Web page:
Viral Content Roundup: Muhammad Ali, meteorite daggers and the Stanford Swimmer case

Viral content is inseparable from social context. Without certain social triggers, media has no chance of gaining momentum, because without interaction, content falls flat.

While there are certain buttons you can push to guarantee a certain response from your audience, the path to creating viral content is a dubious one; there is no certain way forward.

Sometimes a piece of content takes off, and the only reason this can be put down to is social context. Sometimes it is just right place, right time.

Let’s take a look at what has been taken off in the digital world recently and why. Hopefully it will help reveal the secrets of viral media and inspire you to consider integrating viral content into your ongoing social media digital strategy campaigns.

viral contentSocial triggers are they key to content spreading. Without something to spark action and subsequent reaction, viral content is not possible. Let’s take a look at some of this week’s most shared content and try and find out why.

King Tutankhamen’s Space Dagger

Science and technology news publication I Fucking Love Science are viral content kings. Despite publishing in a relatively niche market (science), they consistently create material that resonates with a wide audience.

Their content is scientific in nature, distilled for an everyday audience. And it’s this winning combination that has won them just shy of 25 million followers on Facebook alone.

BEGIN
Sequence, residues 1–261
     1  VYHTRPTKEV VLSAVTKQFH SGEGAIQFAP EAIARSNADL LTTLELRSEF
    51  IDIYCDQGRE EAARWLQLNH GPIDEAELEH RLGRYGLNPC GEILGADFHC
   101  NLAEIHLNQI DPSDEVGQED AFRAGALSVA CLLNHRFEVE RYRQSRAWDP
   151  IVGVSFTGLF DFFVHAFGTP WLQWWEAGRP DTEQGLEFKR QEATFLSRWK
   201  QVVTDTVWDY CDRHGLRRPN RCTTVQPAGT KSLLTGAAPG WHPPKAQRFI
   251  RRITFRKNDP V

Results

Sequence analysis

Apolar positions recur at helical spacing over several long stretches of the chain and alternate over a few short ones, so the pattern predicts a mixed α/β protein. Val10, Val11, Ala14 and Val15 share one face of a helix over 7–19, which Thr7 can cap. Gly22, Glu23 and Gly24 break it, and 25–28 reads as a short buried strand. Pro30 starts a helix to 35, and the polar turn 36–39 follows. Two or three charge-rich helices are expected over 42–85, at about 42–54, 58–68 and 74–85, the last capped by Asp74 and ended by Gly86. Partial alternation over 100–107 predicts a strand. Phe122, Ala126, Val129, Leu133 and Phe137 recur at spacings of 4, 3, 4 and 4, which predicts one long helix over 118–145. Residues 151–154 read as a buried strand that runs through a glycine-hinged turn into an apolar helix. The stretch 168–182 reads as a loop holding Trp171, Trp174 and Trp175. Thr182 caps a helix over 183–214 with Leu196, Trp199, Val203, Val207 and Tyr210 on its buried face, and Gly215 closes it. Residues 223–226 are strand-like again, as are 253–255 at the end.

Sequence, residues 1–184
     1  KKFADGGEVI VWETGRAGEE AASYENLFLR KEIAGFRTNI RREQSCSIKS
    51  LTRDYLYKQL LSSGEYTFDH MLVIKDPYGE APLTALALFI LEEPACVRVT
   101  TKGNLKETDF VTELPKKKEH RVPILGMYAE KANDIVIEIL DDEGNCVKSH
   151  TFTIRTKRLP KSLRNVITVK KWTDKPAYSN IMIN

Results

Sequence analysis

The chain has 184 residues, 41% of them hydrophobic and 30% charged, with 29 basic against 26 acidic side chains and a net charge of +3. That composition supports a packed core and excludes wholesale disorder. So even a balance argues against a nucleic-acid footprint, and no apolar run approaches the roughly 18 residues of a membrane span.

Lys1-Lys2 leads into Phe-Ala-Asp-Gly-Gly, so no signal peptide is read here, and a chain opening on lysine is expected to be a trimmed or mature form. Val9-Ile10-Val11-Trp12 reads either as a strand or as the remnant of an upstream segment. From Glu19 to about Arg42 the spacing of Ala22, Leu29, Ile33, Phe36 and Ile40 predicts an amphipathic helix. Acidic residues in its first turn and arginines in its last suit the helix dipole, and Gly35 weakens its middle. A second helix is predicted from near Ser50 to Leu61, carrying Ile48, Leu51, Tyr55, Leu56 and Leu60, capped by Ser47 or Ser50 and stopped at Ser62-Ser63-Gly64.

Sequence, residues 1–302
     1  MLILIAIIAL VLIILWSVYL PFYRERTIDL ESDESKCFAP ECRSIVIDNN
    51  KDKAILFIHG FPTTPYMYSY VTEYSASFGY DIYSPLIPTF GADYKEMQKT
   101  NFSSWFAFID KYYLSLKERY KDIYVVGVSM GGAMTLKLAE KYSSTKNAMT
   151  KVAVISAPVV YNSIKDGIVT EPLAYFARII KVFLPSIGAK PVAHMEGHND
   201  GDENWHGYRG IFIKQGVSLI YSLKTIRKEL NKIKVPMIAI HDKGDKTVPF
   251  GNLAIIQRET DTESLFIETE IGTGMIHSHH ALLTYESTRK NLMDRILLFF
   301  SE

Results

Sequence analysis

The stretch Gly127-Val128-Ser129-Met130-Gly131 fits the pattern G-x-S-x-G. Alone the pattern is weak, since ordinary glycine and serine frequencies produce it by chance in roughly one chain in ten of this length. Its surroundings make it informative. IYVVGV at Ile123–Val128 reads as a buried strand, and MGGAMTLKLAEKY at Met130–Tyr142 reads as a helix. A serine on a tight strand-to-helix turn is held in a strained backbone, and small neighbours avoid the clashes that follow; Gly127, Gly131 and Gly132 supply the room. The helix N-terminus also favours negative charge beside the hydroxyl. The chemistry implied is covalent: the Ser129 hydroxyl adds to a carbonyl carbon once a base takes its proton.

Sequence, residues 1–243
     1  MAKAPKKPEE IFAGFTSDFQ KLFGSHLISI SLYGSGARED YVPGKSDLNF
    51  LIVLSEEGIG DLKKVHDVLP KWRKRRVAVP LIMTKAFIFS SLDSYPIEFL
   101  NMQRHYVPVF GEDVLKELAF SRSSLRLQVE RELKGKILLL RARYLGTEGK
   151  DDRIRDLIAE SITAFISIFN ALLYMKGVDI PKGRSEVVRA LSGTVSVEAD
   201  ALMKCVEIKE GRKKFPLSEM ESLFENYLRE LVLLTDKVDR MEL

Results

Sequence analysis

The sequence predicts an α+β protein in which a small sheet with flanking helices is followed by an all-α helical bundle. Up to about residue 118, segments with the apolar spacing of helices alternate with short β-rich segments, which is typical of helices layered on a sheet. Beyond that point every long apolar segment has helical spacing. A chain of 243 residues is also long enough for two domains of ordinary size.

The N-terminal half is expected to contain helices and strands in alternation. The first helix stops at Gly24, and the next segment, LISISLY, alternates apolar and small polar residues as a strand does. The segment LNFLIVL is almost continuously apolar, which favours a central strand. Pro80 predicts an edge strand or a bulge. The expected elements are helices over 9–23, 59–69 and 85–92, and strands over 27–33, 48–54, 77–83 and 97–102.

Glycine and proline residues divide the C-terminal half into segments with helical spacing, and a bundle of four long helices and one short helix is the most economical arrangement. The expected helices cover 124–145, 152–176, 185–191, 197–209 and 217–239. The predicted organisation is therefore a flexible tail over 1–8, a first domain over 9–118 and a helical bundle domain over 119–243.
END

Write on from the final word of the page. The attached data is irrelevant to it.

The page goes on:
viral content

In light of these staggering figures, its no surprise that their content is received at the tremendous rate that it is. The publication is just a few years young, and its readership reflects a neck-breaking rise in such a short amount of time.

Why is this?

Let’s take a look at their piece King Tutankhamun’s Dagger Was Literally Out Of This World as a prime example.

This particular topic was shared around the world by innumerable sources, from music blogs, to broadsheet newspapers and buzz news publications, each who took the story and spun it in a way that would resonate with each of their audiences.

viral content

However, IFL Science‘s piece towered above the rest in terms of virality, with over 45K shares according to Buzzsumo.

viral content

IFL Science have found the perfect middle ground between academia and entertainment, and their content reflects this, with astounding results. Their subject matter is scientific, but they pick, choose and deliver this material in a way that resonates with a wide audience.

Their piece on King Tutankhamun’s meteorite dagger is conversational, but also reflects its place in the realm of academia.

It references a scientific journal, quoting academic sources in its content, thus giving it a certain credibility as trustworthy scientific resource. It takes this a step further by throwing in terms likes X-ray fluorescence spectroscopy and quotes from researchers.